The long-awaited Google-Oracle trial will take place in mid-March.
In case you've forgotten, the legal dispute is about patents. Oracle brought a patent infringement suit against Google over Java, which is used on Google's Android operating systems.
Tech company Sun Microsystems was the original creator of Java. Oracle acquired Sun in 2010.
Google defended its use of Java by saying it developed a relationship with Sun prior to Oracle's ownership. Specifically, the company claimed Sun liked Android and its ability to "spread news and word about Java," reports ZDNet.
But just because Sun was fine with Google's Java use doesn't mean there wasn't any patent infringement.
The case will be tried in three different phases, in accordance with federal Judge William Alsup's pretrial order:
- Phase 1: This phase will be only about liability and defenses for copyright claims. Each side will have 16 hours to present evidence. A jury will render a verdict on these issues after closing arguments are made.
- Phase 2: This phase will be all about patent issues. Each side will have 12 hours to present evidence. A jury will then render a second verdict on these claims.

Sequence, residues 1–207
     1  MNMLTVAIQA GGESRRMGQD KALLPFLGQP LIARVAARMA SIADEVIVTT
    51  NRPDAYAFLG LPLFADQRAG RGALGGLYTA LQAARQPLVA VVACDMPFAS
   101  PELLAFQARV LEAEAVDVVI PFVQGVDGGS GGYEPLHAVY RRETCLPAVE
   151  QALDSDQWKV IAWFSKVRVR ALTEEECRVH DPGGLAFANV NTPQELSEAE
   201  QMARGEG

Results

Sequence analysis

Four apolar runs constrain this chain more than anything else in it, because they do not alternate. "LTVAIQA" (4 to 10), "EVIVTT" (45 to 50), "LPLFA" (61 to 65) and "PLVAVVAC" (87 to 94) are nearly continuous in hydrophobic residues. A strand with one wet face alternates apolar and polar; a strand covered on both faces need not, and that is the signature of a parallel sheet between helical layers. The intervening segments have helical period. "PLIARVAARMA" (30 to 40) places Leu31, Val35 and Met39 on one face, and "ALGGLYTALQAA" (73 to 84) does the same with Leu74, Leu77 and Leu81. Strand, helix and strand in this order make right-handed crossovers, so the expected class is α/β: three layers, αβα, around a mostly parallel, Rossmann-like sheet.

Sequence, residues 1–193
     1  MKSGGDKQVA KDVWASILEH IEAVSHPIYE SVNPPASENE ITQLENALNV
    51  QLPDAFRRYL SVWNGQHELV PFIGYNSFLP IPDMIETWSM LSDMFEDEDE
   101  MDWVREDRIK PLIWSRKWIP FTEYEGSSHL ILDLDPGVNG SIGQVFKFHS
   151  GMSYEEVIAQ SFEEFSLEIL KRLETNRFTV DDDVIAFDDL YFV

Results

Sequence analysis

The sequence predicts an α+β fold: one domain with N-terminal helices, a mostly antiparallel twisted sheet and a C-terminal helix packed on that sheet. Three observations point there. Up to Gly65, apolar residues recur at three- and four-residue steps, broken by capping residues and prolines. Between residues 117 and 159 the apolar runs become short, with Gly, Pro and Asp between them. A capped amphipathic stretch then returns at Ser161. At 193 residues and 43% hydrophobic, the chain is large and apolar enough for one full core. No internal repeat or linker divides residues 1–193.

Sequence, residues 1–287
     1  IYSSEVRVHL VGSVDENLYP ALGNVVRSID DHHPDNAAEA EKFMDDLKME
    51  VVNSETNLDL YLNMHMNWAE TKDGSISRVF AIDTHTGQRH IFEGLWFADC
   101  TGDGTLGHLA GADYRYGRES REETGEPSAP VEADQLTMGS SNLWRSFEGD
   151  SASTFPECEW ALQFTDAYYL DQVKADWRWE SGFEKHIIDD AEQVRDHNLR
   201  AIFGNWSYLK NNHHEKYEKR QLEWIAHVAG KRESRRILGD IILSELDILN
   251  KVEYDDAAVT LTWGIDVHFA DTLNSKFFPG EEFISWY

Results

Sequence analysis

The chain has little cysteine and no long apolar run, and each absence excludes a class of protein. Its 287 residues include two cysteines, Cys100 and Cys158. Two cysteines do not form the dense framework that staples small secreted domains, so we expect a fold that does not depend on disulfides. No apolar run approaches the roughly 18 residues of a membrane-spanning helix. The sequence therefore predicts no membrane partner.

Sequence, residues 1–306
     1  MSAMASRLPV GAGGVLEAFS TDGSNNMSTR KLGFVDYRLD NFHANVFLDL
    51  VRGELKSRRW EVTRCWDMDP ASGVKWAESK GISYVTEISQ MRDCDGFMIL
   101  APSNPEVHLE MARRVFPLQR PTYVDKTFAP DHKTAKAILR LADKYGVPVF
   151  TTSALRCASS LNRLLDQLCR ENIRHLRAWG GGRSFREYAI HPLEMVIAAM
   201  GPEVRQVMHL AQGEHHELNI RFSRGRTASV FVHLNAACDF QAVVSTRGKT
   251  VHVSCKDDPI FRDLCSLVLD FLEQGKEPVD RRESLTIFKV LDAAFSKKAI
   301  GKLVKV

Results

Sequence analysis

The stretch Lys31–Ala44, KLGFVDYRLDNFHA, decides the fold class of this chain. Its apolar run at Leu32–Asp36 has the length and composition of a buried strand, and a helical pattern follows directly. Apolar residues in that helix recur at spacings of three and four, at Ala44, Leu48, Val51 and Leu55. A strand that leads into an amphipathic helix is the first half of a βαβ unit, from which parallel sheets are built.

- Phase 3: This phase might not be necessary at all - Judge Alsup is setting this aside for any remaining issues including damages and willfulness. Each side will only get 8 hours to present evidence.
It seems that the two Silicon Valley giants will finally get their day in court. Oracle first filed the suit in August 2010, reports PC World.
Still, don't hold your breath. According to the order, the Google-Oracle trial is set to start on or after March 19. It's possible the trial may be delayed.
- Oracle, Google Android Patent Infringement Trial Set for March (Eweek)
- Google Disputes Oracle's Possible $6B Java Lawsuit (FindLaw's In House)
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- Android Smartphone Gains Market Share, But is it Right for Attorneys? (FindLaw's Technologist)